Posted by Jason Bae ● July 10, 2020

Lockdown Loneliness: Covid's Impact on Isolated Seniors

It’s been widely reported that seniors and those with underlying health conditions are at greatest risk for severe illness or dying from COVID-19.


According to the CDC, eight out of 10 COVID-19-related deaths reported in the U.S. have been among adults aged 65 and older. However, what’s not talked about as much is how months-long social isolation can be just as deadly as the virus itself, particularly for the 14 million seniors who live alone and continue to shelter in place. 


Socially isolated seniors experience more rapid progression of heart disease and dementia and are more likely to die compared to those with high levels of social support. Tragically, research suggests that social isolation has the same effect on health as smoking 15 cigarettes a day.


I recently published an article on this topic in that covers four key ways we can help our seniors through this pandemic:

  • Pick up the phone. Healthcare providers need to take a proactive approach in managing seniors’ chronic illnesses. That means reaching out by phone to seniors most likely to get sick, treating at the earliest signs of worsening disease and addressing barriers to health, such as the inability to pick up medications.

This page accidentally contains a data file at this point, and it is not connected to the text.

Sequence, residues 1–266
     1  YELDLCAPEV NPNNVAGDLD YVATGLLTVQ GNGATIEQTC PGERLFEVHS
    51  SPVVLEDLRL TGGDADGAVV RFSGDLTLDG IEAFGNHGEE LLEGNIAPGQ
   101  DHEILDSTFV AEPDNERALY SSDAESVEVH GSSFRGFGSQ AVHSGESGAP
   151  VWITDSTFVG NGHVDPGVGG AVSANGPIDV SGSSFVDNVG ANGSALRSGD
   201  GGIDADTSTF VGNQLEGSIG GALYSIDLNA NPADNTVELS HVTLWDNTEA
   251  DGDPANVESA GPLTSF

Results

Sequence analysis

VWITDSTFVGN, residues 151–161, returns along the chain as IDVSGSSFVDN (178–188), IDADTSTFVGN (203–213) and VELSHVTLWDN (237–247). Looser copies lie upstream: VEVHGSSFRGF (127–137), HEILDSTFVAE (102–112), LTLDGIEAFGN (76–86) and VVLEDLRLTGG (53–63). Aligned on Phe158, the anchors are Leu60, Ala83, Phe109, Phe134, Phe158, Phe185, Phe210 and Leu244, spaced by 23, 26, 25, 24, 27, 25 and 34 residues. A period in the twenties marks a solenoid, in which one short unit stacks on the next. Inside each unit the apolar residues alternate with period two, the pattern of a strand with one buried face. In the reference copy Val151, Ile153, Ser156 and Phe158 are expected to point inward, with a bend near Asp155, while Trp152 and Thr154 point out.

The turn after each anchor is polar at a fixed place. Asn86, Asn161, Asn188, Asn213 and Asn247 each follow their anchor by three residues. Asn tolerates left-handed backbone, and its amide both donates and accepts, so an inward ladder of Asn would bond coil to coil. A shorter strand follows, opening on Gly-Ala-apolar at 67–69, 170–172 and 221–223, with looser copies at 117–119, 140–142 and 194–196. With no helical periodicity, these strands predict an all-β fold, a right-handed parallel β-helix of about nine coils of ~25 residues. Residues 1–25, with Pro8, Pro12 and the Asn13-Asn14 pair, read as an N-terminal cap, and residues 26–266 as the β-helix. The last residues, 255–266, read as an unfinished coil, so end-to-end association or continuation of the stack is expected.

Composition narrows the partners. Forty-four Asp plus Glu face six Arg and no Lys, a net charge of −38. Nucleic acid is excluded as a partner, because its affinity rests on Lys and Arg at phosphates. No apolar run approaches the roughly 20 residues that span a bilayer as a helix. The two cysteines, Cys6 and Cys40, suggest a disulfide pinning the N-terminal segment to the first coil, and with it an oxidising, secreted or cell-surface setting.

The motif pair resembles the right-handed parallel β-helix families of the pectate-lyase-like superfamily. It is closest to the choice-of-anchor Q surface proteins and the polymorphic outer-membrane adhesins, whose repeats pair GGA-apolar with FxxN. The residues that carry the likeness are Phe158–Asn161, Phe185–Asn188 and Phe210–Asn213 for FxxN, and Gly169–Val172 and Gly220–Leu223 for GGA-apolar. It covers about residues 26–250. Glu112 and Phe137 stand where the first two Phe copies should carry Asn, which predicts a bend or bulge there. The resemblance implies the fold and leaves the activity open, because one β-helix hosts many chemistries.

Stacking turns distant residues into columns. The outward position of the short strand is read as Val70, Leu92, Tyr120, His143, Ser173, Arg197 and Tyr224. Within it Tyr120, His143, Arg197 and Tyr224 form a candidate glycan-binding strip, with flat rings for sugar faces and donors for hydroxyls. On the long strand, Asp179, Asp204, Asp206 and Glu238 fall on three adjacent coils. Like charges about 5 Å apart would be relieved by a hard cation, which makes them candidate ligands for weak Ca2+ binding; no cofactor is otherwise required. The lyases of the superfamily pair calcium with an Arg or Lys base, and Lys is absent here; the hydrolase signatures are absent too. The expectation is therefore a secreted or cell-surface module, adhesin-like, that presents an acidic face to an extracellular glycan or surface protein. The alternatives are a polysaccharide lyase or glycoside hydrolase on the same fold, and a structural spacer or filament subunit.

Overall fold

• Get creative. We should invest in creative ways to meet the health needs of seniors, including senior-friendly telehealth devices and platforms, and in-home care delivery models.
  • Get social. We need to socially engage with seniors—for example, by talking on the phone with them and helping them get their groceries and medications.
  • Don’t put off difficult discussions. Now more than ever, we need to have end-of-life conversations with our parents and grandparents, and healthcare professionals need to have these talks with their elderly patients.

The surge in demand on our healthcare system due to COVID-19 is leading many—seniors included—to delay valuable preventive and maintenance care. Let’s not wait for the worst. By intervening now, we could save a life tomorrow.


_Jason Bae, MD


About the author:
Dr. Jason Bae is the Medical Director of Prealize Health. 

Topics: COVID-19